Sittin’ and knittin’ - 07/20/11
There’s no pattern this week. Anyone who wants to be a serious knitter needs to understand several things, one of them being today’s yarns.Years ago, we didn’t have the choices we have today. There were basically only three kinds of yarn; wool, cotton and silk. But the modern spinning methods have made new and exciting yarns that can be divided into two basic groups - natural and man-made fibers. Today’s yarns are some of the finest ever made.
Wool. This is an amazing fiber that has been with us for centuries. Several varieties of sheep exist which gives us a variety of fleece. The natural colors are white, gray, brown or black with white fleece preferred for dyeing. Wool is warm, durable and elastic and has excellent insulating properties. It’s easy to clean, keeps its shape and with proper care should last for years.
Mohair: This is a soft durable and luxurious fiber. Yarn makers often blend mohair with other fibers to help them cling together and make them easier to work with.
Angora: This is an expensive fiber that comes from the Angora rabbit. Because the fibers are only 3 to 5 inches long, it is difficult to spin and is usually combined with other fibers during the spinning process.
Cashmere: This is a luxury yarn that comes from the fleece of the Kashmir goat. Cashmere yarn is extremely soft. The demand for this yarn far outweighs the supply. Therefore, it is expensive.
Alpaca: This yarn comes from the Alpaca, an animal found in parts of South America. There are some Alpaca farms in this country now. This animal produces a fine, soft and lustrous fleece.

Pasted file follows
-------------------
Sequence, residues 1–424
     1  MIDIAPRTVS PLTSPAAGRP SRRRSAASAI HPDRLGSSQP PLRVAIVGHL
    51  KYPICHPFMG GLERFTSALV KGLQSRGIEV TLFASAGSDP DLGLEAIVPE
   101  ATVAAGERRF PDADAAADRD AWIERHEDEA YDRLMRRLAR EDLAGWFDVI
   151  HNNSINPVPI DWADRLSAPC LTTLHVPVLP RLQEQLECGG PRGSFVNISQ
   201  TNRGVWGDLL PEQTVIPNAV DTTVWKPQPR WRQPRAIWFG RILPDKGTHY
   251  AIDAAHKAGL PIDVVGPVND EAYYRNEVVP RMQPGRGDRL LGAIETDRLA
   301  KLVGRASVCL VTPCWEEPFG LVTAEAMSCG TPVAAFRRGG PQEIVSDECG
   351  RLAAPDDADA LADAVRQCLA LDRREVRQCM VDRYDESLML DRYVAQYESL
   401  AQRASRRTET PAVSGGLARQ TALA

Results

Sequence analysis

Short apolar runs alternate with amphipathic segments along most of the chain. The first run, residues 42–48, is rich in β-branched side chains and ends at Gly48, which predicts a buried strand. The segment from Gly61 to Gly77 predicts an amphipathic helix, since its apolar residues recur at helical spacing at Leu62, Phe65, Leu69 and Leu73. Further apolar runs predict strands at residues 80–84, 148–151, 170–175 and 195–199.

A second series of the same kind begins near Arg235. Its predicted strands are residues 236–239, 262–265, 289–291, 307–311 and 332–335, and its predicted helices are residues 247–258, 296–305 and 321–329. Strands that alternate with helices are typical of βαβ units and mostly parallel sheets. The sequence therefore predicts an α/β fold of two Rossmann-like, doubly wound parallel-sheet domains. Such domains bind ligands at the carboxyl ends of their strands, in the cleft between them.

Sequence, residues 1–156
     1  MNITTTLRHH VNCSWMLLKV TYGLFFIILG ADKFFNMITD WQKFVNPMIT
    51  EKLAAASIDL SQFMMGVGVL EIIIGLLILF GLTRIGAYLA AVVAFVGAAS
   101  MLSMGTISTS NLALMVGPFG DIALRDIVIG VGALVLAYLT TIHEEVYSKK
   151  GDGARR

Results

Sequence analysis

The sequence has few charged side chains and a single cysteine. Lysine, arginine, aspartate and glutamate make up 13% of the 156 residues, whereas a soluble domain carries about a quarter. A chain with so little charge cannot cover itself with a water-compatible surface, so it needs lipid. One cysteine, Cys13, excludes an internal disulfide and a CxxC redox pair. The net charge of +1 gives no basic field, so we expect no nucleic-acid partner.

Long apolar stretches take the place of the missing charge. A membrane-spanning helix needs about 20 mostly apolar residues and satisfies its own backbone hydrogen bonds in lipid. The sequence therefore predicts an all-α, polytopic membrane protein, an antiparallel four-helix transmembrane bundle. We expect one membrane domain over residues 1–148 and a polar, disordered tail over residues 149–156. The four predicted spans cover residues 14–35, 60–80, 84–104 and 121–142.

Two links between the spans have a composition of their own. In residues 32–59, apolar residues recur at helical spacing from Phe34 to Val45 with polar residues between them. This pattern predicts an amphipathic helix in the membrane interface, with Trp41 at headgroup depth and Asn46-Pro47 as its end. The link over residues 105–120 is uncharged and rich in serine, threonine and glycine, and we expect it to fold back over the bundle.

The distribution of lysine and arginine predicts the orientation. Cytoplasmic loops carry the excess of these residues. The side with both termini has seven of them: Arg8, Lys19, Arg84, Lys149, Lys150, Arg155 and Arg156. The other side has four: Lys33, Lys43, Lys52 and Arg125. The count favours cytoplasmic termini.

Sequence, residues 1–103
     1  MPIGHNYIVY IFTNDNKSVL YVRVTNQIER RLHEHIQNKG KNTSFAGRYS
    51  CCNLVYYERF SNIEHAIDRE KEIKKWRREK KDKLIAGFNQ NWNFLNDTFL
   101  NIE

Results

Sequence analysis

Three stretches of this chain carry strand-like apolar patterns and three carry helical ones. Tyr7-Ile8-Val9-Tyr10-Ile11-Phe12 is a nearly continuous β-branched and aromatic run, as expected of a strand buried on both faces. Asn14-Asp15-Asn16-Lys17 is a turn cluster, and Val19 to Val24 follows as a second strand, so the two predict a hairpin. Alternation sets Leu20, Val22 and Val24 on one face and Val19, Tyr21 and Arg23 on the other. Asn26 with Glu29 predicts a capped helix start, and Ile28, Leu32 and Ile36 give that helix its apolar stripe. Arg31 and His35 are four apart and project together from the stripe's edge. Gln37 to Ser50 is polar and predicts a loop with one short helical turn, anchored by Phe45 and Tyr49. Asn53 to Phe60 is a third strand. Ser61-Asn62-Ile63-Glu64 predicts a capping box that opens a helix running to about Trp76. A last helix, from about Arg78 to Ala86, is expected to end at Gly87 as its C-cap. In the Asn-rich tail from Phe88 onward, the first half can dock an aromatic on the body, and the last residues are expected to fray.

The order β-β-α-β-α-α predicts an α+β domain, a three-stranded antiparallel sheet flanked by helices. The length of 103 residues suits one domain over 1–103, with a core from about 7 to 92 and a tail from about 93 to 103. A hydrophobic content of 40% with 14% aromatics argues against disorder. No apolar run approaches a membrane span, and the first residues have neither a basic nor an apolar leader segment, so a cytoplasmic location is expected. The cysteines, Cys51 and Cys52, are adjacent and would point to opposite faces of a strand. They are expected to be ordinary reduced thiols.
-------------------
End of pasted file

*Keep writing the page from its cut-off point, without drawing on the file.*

Silk: Silk is spun by the silkworm. Because it tends to stretch, yarn makers usually combine it with other fibers such as wool or acrylics.
Cotton: This is one of the oldest and most available plant fibers. Cotton is popular because it absorbs moisture, dries quickly, washes easily and is non-allergenic. It has little elasticity so you should check your gauge often when knitting with 100% cotton yarn.
Linen: This is produced by the flax plant. Linen tends to be stiff so is usually combined with other fibers before it is spun into yarn.
Now we move to man-made fibers usually called synthetic yarns. These were developed prior to World War II and have become very popular because of their price, and the fact that they can be machine washed and dried.
Due to changes in their processing, many synthetic yarns now resemble the texture of natural fiber yarns.
Nylon: This s the strongest synthetic fiber available. It is often used to reinforce sock heels and because of its strength, yarn makers usually combine it with other fibers.
Acrylics: This was developed as a substitute for wool. It looks like wool, and is very easy to care for. But, it doesn’t have the insulating and water-resistant qualities of wool.
Micro-fiber: This is a newly developed fiber. It is thin and lightweight. It resists pilling and holds its shape very well.
For instance, cotton is more resilient when combined with micro-fiber.
When you are selecting yarn, this should give you a better idea of what to look for. Another suggestion is if you are making something with a pattern, use a solid color yarn. Also avoid using textured yarns with a fancy stitch as it won’t show up. Plain yarn, on the other hand, works well with a fancy stitch.